Last night’s State of the Union will not take a place alongside Barack Obama’s 2008 speech on race. It won’t be mentioned in the same breath as his 2004 speech in Boston. It didn’t even have the intellectual scope and narrative sweep of his 2011 speech in Osawatomie, Kansas. Rather, it was a laundry list of policies, along the lines of the State of the Unions Bill Clinton delivered late in his presidency. Which makes perfect sense. Obama is staffed by much of the same team that wrote those State of the Unions. And that formula worked. According to Gallup, the public preferred Clinton’s State of the Union speeches to those of any recent president.
In terms of policy, Obama offered at least five significant proposals. First, the Buffet tax, which was a vague gesture towards a policy in Obama’s September jobs speech, got fleshed out. It would act as a sort of alternative minimum tax for the very wealthy, raising the effective rate of taxpayers making more than a million dollars to at least 30 percent. It would be achieved, in part, by wiping out non-charitable tax breaks and deductions for high-earners. Notably, Mitch Daniels appeared to embrace a version of this idea in the Republican response, when he said the government should “stop sending the wealthy benefits they do not need, and stop providing them so many tax preferences that distort our economy.”
Second, Obama’s corporate tax reforms included a proposal for a global minimum tax. The details on this remain vague, but the basic idea is to dissuade multinationals from sheltering their income in low-tax jurisdictions — think Ireland, or the Cayman Islands — by making them pay a minimum tax on overseas income no matter where that income is held. As an example, let’s say the minimum tax rate was 10 percent. If GE is selling goods in Germany, and getting taxed at more than 10 percent, they would be free and clear. But if they were moving money to Ireland to try and pay a six percent tax rate, they would have to pay the difference between Ireland’s rate and the minimum rate — four percent, in this case — to the US Treasury.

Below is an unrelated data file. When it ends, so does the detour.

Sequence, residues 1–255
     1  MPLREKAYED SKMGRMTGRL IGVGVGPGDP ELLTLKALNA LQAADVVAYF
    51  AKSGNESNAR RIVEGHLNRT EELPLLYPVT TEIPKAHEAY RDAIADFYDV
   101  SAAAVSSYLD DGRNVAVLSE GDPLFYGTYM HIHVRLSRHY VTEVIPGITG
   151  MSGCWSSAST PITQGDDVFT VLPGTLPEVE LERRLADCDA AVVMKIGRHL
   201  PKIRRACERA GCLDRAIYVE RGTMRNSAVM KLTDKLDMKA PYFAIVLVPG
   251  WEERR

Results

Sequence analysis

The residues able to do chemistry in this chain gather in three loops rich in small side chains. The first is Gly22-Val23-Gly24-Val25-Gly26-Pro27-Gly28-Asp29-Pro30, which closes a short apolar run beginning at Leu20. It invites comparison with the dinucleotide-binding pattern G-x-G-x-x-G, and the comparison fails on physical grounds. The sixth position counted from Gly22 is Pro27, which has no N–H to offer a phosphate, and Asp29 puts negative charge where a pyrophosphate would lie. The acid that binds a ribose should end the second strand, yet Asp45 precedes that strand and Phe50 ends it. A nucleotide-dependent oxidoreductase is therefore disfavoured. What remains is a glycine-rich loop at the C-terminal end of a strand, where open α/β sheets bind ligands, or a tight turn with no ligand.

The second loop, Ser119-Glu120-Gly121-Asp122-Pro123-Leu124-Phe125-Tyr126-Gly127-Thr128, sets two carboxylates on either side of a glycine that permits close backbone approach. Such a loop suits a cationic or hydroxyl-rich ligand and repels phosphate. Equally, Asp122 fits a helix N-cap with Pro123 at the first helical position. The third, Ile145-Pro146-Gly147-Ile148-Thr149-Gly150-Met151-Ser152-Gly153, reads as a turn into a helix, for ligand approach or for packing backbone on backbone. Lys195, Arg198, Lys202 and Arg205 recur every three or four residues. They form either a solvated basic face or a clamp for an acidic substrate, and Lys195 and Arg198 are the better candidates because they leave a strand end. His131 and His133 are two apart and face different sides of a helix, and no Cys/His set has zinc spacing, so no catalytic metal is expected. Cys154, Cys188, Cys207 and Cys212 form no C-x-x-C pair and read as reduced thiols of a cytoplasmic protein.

Third, Obama proposed a new pay-for to try and persuade Congress to pass his infrastructure bill. In this case, he asked that half the savings from ending the wars in Iraq and Afghanistan are reinvested in US infrastructure.
Fourth, he asked Congress to pass a mass refinancing plan to help more homeowners take advantage of today’s record-low interest rates. Note that this is, in limited form, something Obama could do on his own through Fannie Mae and Freddie Mac. But Fannie and Freddie only guarantee a bit more than half of the homeowners who could benefit from a policy like this one. Congressional legislation could widen the potential universe of beneficiaries. The question is, if Congress doesn’t act, will Obama maximize what he can do on his own?
Finally, Obama took direct aim at the filibuster: He asked for both nominees to get an up-or-down vote within 90 days, and for Senate filibusters to require that legislators actually hold the floor and talk continuously, Jimmy Stewart-style.
Obama proposed much more policy, of course. You can see it all in Wonkblog’s policy-only edit of the speech. But the caveat to almost every idea he offered is the same: Most all of them require congressional cooperation. Cooperation the Obama administration is not likely to get. All tax bills, for instance, must originate in the House, and Speaker John Boehner is not known for his interest in raising taxes on the rich.
But what viewers of the State of the Union learned was that Obama has an agenda. An ambitious one, even. Whether they approve of it, and whether they approve of congressional Republican obstructing it, remains to be seen.
In terms of 2012 politics, the speech — and Mitt Romney’s tax returns — set up a contrast that will be made more explicit as the campaign wears on. When Obama was a candidate, he paid an almost 30 percent tax rate, and he believes folks as wealthy as him should pay even more. Romney, by contrast, is paying about half that rate, and he believes folks in his income bracket should pay even less. Quite a bit of the election, on the Democratic side at least, will be about making this contrast.